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Discussion Starter · #1 ·

Google CEO Eric Schmidt recently declared victory in the battle against conventional television. At a recent press event in New York City, Schmidt bluntly stated that Internet video has already surpassed television in overall popularity. He touted the fact that YouTube passed the 1-billion-views-per-month milestone. Declaring "the future is now," the Google chief noted that once the Third World gets online, that number could increase to 6 or 7 billion views per month.

 



 
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"I thought that YouTube was like TV, but it isn't. I was wrong," said Robert Kyncl, YouTube's global head of content. "TV is one-way. YouTube talks back."Associated Press
 

Certainly, the appeal of YouTube is attributable to availability; the fact that quality can be variable becomes a nonissue when viewing video on a phone. At the same time, YouTube is one of the few services that already supports 4K streaming video—making it a pioneer in high-quality content delivery as well as low-bandwidth distribution. YouTube is casting a very broad net.

 

There is some question as to how much of YouTube's victory comes at the expense of television versus other media. The variability in quality of YouTube content comes from both the source and the delivery method. An Internet connection with insufficient bandwidth will simply not support high-definition video. As YouTube proceeds with its expansion, including the addition of dedicated channels, it will be crucial that the user experience remain as fast and friendly as possible. That means issues plaguing streaming video must be addressed.

 

In order for YouTube to compete with cable television, consumers need to experience high-quality video that is available instantaneously. Recent data suggest that a wait time as short as two seconds can adversely impact viewership—the longer the wait, the greater the likelihood a video will be abandoned for another option. In essence, online viewers are like cable-television viewers with a remote control. If they don't like what they see, they change the channel almost instantly.

 

Which brings us to the hard data—and by hard, perhaps I mean hard to swallow—regarding the current state of broadband and streaming. A recent article published by streamingmedia.com claims that streaming quality is a major impediment to YouTube overtaking cable TV.

 

Citing data from Conviva, a company specializing in video-stream optimization, the article highlights this fact: Over 60% of all streams suffer some quality defect—typically delays caused by buffering or a decrease in resolution caused by limited bandwidth. Furthermore, buffering delays can result in a stream's abandonment.

 
Quote:
"Cable TV is still able to deliver a better quality user experience, nearly every time, over Internet video. You may not like the price you have to pay for cable TV, but the technology still surpasses Internet video because it works, it’s easy to use and you know what HD means. On the web, anything goes and you never know what you will get, as Conviva’s data proves." – streamingmedia.com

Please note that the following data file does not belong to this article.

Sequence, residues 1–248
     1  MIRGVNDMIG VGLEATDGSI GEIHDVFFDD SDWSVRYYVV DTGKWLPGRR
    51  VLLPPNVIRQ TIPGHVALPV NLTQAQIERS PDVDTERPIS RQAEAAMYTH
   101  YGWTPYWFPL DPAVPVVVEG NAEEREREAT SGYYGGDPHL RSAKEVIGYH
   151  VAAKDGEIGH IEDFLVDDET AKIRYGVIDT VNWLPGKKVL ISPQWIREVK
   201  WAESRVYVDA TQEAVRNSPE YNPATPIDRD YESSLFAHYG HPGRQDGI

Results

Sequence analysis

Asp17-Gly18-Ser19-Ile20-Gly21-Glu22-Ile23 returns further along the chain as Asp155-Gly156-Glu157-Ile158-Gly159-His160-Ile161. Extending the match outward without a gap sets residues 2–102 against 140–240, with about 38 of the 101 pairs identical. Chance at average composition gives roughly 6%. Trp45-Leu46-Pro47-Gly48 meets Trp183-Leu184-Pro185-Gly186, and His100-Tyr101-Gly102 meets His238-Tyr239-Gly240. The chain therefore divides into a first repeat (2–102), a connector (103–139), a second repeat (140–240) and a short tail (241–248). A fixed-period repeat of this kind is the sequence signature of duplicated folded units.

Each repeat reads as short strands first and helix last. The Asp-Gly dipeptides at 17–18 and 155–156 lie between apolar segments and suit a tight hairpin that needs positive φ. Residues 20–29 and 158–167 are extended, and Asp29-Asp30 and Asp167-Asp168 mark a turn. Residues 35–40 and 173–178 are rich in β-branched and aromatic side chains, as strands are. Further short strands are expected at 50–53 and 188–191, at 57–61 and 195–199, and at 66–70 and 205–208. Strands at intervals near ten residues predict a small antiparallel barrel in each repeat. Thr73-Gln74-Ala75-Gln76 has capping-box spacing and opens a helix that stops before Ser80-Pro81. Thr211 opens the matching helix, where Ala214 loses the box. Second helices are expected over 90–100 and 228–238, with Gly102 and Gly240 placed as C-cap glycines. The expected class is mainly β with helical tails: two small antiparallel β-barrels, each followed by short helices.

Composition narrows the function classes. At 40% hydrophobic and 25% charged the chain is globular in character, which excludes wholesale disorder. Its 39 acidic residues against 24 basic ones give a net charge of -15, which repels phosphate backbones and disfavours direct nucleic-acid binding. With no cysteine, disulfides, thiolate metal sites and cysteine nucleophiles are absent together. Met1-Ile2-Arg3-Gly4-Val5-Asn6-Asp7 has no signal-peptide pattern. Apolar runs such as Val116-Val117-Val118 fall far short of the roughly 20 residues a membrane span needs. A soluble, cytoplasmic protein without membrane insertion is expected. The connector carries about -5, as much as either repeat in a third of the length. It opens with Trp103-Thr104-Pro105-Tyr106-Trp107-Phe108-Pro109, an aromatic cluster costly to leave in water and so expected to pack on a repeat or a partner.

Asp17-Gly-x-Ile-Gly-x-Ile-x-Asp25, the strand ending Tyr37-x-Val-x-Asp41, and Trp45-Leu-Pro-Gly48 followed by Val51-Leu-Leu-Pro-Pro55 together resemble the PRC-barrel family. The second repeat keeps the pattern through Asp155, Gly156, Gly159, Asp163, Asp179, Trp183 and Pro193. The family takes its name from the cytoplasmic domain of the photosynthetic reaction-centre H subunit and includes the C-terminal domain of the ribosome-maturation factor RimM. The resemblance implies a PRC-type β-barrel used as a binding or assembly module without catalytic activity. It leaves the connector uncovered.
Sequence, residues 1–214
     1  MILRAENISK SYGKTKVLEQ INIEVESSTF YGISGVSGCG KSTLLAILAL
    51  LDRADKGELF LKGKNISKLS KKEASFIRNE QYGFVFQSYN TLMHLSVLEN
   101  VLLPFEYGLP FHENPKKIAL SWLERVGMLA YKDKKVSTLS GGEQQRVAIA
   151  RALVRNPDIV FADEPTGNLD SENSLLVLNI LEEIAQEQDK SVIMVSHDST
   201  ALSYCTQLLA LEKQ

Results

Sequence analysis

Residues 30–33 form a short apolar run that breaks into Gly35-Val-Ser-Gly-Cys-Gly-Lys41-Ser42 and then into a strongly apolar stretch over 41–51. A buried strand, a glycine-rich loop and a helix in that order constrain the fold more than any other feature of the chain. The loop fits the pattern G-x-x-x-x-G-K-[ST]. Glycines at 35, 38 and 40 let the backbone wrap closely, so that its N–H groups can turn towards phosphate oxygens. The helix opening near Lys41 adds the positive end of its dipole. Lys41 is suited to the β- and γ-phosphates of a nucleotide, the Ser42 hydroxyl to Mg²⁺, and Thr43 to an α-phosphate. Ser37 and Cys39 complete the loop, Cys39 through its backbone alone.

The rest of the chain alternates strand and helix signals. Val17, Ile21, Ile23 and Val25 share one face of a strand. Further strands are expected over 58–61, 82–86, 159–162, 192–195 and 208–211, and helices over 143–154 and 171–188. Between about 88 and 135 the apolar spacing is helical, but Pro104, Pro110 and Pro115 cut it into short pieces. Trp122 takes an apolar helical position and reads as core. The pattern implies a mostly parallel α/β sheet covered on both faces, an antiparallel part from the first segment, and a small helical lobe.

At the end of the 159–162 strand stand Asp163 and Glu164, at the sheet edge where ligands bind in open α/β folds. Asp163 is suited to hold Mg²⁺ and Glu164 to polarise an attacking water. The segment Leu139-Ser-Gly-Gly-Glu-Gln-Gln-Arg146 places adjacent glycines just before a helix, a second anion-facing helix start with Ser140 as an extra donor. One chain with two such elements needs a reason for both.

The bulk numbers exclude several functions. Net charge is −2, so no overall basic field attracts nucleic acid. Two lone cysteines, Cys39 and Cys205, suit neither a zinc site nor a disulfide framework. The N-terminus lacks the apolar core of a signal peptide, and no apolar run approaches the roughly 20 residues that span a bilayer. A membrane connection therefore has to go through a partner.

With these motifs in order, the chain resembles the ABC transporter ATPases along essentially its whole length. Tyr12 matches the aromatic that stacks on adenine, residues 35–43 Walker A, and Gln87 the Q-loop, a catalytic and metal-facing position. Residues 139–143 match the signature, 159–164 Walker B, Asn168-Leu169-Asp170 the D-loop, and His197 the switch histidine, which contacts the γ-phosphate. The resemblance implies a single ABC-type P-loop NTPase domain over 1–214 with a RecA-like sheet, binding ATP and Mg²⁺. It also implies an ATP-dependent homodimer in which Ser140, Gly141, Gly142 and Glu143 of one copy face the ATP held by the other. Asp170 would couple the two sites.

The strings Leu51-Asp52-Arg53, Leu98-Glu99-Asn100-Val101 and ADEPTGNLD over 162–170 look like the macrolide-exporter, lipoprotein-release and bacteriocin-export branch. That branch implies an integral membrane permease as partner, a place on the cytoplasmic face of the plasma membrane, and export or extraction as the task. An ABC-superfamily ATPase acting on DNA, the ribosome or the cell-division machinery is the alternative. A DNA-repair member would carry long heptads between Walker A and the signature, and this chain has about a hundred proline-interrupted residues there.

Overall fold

Conviva's data shows that an awful lot of streams never play at all—there were 900 million failed streams in 2012. On the other hand, if the stream does play, the chances are very high that the experience will not be as reliable or high quality as cable TV. Streaming content rarely displays at HD resolutions, except under ideal circumstances with a powerful computer and a good Internet connection. Even at standard definition, reliability during long, live streaming events was rather low. In one example cited by the article, 12% of a 90-minute live-streamed event wound up being unwatchable due to buffering issues.

 

There is a flipside to all the negatives associated with streaming. When the connection is good, and the bandwidth is adequate, then viewership of online streaming content increases dramatically. There appears to be a solid correlation between a good Internet connection and consumer comfort with using YouTube (and other streaming providers) as a source of entertainment. Conviva highlighted some of the benefits of having a good connection:

 
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  • The start time for a video to launch is critical. If video start time exceeds 2 seconds, the number of people that abandon viewing dramatically increases—400% for long-form VOD and for live content, abandoned views increase 140%.
  • Viewers with a buffer-free experience watch 226% more and are four times more likely to stay and watch if video starts in 2 seconds or less
  • For live video streams, viewers not impacted by buffering watch 10 times longer.
 

Consumers have more options than ever when it comes to video entertainment. Will regions that enjoy reliable, high-speed Internet service rapidly abandon cable television—or does cable television enjoy a an intrinsic quality advantage, in terms of the overall experience, that will not be surpassed by streaming video any time soon? I suppose the real question is this: YouTube may have announced that it won the battle versus TV, but what chance does it have of winning the war against cable? After all, YouTube may compete against TV, but it is still highly dependent on cable-provided Internet access to reach its audience.